Reb Arthur's Latest Thoughts

The AVATAR film & Tu B'Shvat: the ReBirthDay of trees & The Tree

Dear fellow-seekers for peace and healing of the earth,

[Bottom line for this letter: I urge that multireligious groups together see the new film Avatar this month; learn with me by teleconference seminar on Thursday evening January 21 the connections between this film and the meaning of the festival of Tu B'Shvat that celebrates the ReBirthDay of the Tree of Life; and then gather January 29 to eat together the sacred meal of Tu B'Shvat. Why? See the unfolding below. -- AW]

The film AVATAR is an obvious metaphor for the European-USA destruction of Native America and Africa; for the corporate destruction of the Amazon forest and its tribal human eco-partners; for the US destruction of much of Iraq and parts of Afghanistan.

For the indigenous peoples of the film's quasi-planetary moon Pandora, the most sacred places are ancient living trees that embody the life force of the planet. So for me, the film spoke powerfully in the tongue of Tu B'Shvat, the festival of the Trees' ReBirthDay.

AVATAR is extraordinary. -- Not only for the superficial but powerful technology of the filming/ viewing, 3D and FX, but most of all for its spiritually rooted progressive politics.

See it!

See it in the spirit of its watchword: "I see you." For Pandora's people, these words express what in Hebrew is "yodea," interactive "knowing" that is emotional, intellectual, physical/ sexual, and spiritual all at one – what "grok" is in the English borrowing from High Martian, channeled by Robert Heinlein in Stranger in a Strange Land.

In the film, the indigenous people of Pandora – the Na'vi – [in Hebrew, this would mean "prophet"] stand in the way of an Earthian techno-conquistador corporation that is hungry to gobble up a rare mineral crucial to an Earth that the human race, or at least its corporations and governments, have desolated.

The Na'vi worship/ celebrate a biological unity of their planet and all its life-forms -- Eywa -- especially focused on great trees that are the most sacred centers of their lives. These great trees embody Eywa, the Great Mother – but S/He is more than even these trees, S/He is all life. Spirit incarnate. (Notice that "Eywa" can be heard as "Yahweh" (sometimes misdescribed as the Hebrew Name of God) turned inside-out.)

Just as AVATAR began appearing in theaters, we began approaching the ecological-mystical festival of Tu B'Shvat. It intertwines celebration of the midwinter rebirth of trees and the rebirth of the Great Tree of Life Itself, God, Whose roots are in heaven and whose fruit is our world. Tu B'Shvat comes on the 15th day (the full moon) of the midwinter Jewish lunar month of Sh'vat. This year, that falls from Friday evening January 29, till Saturday evening, January 30. Its observance was shaped by Jewish mystics –- Kabbalists -– 500 years ago, but the breadth and depth of its sense of God can embrace all religious and spiritual communities -- not Jews alone.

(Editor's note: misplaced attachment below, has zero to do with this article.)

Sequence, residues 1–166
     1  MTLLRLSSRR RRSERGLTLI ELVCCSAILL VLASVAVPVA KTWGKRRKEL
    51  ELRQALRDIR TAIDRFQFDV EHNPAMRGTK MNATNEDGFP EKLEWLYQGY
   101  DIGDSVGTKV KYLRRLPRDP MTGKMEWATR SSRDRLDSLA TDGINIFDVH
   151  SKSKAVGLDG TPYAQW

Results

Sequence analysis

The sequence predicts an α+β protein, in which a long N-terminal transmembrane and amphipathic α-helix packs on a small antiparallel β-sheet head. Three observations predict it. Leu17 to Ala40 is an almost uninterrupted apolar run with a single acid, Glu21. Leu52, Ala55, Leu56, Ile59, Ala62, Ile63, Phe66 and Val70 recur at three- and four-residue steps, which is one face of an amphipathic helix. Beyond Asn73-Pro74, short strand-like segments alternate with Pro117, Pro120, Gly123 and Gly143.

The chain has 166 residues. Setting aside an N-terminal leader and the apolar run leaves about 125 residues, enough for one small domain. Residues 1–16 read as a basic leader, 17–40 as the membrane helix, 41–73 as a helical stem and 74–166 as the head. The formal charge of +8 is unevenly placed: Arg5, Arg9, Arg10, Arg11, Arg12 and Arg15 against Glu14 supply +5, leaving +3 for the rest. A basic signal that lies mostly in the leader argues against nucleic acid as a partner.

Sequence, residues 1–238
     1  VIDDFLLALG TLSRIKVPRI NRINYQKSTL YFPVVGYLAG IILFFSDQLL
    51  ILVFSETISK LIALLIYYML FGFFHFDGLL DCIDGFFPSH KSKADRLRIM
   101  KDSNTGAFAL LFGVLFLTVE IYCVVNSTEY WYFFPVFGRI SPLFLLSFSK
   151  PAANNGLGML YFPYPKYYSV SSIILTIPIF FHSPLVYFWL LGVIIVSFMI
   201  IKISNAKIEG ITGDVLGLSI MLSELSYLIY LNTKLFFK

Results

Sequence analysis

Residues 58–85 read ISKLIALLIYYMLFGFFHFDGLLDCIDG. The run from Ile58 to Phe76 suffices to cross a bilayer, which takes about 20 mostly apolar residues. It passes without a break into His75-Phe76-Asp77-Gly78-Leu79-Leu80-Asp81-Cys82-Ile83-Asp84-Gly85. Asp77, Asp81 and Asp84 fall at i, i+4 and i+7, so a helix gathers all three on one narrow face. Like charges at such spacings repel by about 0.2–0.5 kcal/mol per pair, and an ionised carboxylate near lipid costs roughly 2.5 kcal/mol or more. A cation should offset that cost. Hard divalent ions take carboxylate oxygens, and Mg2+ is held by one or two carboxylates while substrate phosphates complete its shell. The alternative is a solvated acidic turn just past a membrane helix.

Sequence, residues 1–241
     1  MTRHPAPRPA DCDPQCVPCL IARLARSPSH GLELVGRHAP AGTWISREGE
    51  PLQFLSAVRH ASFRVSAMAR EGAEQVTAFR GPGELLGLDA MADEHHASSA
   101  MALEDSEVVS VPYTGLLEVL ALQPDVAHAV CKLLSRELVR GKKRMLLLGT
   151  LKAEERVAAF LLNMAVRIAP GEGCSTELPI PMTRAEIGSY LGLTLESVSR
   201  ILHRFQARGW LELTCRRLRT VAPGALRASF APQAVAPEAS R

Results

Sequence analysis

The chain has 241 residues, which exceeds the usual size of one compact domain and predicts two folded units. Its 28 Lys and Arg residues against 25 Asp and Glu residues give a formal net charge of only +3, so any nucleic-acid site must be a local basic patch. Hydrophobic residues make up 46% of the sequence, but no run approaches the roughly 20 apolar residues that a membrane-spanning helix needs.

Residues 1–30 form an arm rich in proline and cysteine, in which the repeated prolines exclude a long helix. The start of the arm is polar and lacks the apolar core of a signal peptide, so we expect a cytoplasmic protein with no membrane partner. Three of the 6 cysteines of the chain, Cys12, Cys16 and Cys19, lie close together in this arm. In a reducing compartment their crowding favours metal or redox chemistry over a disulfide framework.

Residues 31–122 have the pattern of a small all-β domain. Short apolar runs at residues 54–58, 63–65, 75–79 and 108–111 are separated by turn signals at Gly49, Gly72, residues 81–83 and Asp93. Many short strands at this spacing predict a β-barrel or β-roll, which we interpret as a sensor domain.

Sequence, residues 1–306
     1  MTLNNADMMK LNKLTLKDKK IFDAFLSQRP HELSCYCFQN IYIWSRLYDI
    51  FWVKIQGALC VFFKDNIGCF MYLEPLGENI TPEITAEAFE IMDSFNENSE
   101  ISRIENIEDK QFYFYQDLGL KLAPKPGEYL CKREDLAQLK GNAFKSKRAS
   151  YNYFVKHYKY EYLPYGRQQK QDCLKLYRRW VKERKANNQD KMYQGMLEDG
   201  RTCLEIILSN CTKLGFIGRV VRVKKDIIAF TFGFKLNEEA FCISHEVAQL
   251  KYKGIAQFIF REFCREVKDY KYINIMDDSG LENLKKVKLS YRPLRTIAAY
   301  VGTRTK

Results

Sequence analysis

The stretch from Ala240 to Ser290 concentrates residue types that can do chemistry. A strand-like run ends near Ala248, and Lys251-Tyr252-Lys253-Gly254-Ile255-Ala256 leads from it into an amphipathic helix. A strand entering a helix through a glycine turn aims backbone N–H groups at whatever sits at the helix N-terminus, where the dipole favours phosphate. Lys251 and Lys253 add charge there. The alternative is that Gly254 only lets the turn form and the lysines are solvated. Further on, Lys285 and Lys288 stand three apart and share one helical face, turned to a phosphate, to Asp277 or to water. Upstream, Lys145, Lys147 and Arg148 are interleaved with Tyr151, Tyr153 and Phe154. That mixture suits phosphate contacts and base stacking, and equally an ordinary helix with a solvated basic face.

Out of winter, out of seeming death, out of seeds that sank into the earth three months before, the juice of life begins to rise again. Begins invisibly, to sprout in spring.

This is a social and political reality, as well as a biological one. Beneath the official deadly failures of the Copenhagen conference that was supposed to reinvigorate the world's effort to face the climate crisis, the seeds of rebirth were growing. They were growing in the grass-roots activists who will not let our earth die so easily at the hands of Oil and Coal and governmental arrogance as the Crusher tanks and rocket-planes and the robotic Marine generals and corporate exploiters of AVATAR would like to kill Pandora and its God/dess Eywa.

I urge that Jews, Christians, Muslims, Hindus, Buddhists, Wiccans, those who celebrate Manitou/ GreatSpirit in the varied forms of Native practice, join for Tu B'Shvat to celebrate the Sacred Forests of our planet.

I urge that we reach across our boundaries and barricades to celebrate the trees that breathe us into life. The forests that absorb the carbon dioxide that humans are over-producing, the forests that breathe out life-giving oxygen for ourselves and all the other animals to breathe in.

For us, Eywa is YyyyyHhhhWwwwHhhh, "pronounceable" only by breathing, the Interbreathing of all life, Great Mother/Father/ Creator of our planet Whose breath, Whose very Name, what we call "climate" or "atmosphere," is being choked and scorched by corporate rapacity and governmental arrogance.

I urge that we begin by going , anytime from now till January 29, in interfaith, multireligious groups to see AVATAR and then -- discuss its meaning in our lives. It is the discussion afterward that will make "seeing" the film into the profound "seeing" God, life, and each other that the film itself calls for. And then I suggest we gather on the evening of January 29 to celebrate the sacred meal of Tu B'Shvat together.

What's to discuss?

1) AVATAR teaches that the war against peoples and the war against the earth are the same war, being incited and fought by the same Crusher institutions. If we agree with this, how do we bring together the so-far separate struggles to end the two kinds of war? If we don't agree, how do we see the relationship? Why does the Torah command that even in wartime, we must not destroy the enemy's fruit trees? (The US Army did precisely this to the forests of Vietnam; the Israeli Army has done this to Palestinian olive trees; in AVATAR, the invading Earthians do precisely this to the sacred trees of the Na'vi. Why?)